Over the past few days, the state’s two main political parties have engaged in a war of words over the issue of taxes.
There have been press releases sent out by both parties and the respective Party spokespersons debated the tax issue on last Sunday’s Talk Business TV show.
The Democratic Party of Arkansas contends that State Republicans likely want to replace the state income tax with a sales tax based on the GOP’s recently approved Party platform. Republicans contend that Arkansas Democrats are lying about the tax issue.
Who to believe? Where did Arkansas Democrats ever get the idea that Republicans want to increase the sales tax?
Probably from the Republic Party of Arkansas’s own platform.
Just two short years ago, the Arkansas Republicans’ Party platform officially called for eliminating the state income tax and replacing it with a sales tax increase.
From their 2010 platform:
“Replace State Income Tax by a more equitable method such as increasing State Sales Tax. Everyone would pay the same percentage and would know they are paying their fair share for government services available to all citizens. The maximum increase in state sales tax would be limited to no more than 2 percent.”
Here is what the 2012 Republic Party platform now says on state taxes:
“Replace the State Income Tax with a more equitable method of taxation.”
Were Arkansas Republicans for a sales tax increase before they were against it?
Notice how Republicans used the same phrase “equitable method” in both 2010 and 2012, but this year they made the rest of the tax platform more vague. The only real difference is that Republicans don’t want to admit their plan is to raise the sales tax like they did two years ago.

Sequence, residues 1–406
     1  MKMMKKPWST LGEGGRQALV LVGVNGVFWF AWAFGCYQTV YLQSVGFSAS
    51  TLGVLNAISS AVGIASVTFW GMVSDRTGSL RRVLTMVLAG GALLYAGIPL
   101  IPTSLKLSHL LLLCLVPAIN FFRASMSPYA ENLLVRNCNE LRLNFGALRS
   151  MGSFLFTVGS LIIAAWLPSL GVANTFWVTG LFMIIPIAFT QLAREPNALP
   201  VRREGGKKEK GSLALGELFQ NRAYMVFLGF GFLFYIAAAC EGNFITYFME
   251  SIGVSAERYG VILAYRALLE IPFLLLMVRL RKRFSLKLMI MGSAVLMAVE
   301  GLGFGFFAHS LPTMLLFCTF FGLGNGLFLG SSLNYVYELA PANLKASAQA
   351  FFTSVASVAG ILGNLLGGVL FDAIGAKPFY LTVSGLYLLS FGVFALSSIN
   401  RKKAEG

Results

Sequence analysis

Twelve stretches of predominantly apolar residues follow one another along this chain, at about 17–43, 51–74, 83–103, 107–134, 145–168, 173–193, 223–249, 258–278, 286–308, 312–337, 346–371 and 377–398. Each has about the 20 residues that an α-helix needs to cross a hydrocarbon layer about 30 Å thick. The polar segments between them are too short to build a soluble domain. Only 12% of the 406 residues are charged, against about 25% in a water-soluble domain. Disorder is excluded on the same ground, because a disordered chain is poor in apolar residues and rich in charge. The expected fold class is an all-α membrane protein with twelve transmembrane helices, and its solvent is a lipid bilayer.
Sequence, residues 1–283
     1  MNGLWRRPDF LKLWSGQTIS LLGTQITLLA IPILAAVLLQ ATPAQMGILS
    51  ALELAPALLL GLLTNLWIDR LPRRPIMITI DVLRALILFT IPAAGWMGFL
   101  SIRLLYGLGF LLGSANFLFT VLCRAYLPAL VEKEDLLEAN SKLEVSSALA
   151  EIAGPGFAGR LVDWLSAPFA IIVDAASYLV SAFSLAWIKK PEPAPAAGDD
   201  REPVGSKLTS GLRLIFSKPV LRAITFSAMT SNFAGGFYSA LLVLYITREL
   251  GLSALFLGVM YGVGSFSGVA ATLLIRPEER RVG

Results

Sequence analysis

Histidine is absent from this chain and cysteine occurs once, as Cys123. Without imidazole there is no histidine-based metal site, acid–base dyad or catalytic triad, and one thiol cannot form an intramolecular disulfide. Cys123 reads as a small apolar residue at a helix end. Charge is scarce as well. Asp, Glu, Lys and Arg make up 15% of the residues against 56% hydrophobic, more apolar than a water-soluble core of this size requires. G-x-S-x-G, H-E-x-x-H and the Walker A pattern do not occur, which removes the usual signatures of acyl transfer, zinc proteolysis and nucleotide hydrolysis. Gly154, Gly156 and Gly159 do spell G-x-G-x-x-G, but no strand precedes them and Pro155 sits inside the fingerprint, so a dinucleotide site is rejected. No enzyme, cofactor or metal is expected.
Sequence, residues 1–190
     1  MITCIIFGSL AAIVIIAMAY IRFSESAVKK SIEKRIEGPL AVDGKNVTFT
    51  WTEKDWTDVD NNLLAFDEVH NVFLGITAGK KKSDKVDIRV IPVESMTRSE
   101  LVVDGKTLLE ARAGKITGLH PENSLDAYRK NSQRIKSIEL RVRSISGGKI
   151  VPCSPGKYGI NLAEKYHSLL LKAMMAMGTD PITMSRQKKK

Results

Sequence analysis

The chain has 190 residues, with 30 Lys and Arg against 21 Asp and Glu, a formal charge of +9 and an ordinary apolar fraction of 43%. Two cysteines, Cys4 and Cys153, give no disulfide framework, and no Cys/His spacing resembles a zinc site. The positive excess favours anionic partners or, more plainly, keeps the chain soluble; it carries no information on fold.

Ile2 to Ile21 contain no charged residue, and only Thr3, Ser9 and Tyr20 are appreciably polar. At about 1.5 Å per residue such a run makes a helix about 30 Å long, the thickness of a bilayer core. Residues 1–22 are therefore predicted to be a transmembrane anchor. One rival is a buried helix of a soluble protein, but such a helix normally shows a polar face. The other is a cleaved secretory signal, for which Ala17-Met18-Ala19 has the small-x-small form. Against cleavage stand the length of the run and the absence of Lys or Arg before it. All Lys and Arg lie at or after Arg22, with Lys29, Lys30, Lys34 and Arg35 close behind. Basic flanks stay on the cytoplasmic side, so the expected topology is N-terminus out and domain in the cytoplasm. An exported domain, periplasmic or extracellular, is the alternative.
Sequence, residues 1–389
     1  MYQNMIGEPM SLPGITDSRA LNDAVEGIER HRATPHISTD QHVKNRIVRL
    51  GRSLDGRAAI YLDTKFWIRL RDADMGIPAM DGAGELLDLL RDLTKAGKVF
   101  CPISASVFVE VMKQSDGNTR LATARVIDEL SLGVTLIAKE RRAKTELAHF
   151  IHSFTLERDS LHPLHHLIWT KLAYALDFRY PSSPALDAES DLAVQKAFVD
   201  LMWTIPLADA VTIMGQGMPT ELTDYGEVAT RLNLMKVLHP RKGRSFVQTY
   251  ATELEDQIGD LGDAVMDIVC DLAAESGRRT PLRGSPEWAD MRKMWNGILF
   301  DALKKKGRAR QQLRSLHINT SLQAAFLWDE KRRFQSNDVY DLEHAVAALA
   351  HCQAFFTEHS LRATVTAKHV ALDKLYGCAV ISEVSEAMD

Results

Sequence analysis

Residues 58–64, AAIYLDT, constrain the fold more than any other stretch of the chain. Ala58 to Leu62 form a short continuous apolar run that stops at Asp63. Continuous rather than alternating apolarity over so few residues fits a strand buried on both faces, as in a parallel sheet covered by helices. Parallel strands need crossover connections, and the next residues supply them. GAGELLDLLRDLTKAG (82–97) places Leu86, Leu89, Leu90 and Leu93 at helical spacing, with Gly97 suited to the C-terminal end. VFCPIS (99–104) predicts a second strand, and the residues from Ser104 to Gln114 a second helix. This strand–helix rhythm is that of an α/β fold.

It must be noted that four current Republican State Representatives were on the 2010 Platform Committee: Ann Clemmer, Davy Carter, Nate Bell and Prissy Hickerson. Carter contends he does not recall participating on the 2010 Committee that called for a sales tax increase and he is opposed to raising it. Did the other three State Legislators support increasing the sales tax?
During the war of words between the two political parties, the Republic Party of Arkansas never repudiated their previous position for increasing the sales tax.
However, Republicans laughably tried to change subject with the notion that Arkansas Democrats support same-sex marriage — they do not however — because in 2006 the plank support for traditional marriage was removed from the Party platform. It was removed because in 2004 Arkansas passed an amendment specifically defining traditional marriage making those lines in the Party platform irrelevant. Next thing Republicans will do is decry the fact that Democrats no longer mention their support for a woman’s right to vote.
The larger issue, however, is Arkansas Republicans want to replace a revenue stream that funds roughly 50% of state government, but refuse to outline how they plan to do it.
If they want to replace the state income tax, they either must cut services or raise taxes, or possibly a combination of both. It’s simple math, but Arkansas Republicans refuse to outline their plans. Typically, when Republicans propose tax cuts or tax reform it means slight tax cuts for the middle class, but major tax cuts for the wealthy.
In the end, based on Arkansas Republicans’ previous official support for replacing the state income tax with a regressive sales tax, I’m inclined to believe that is what they hope to eventually do.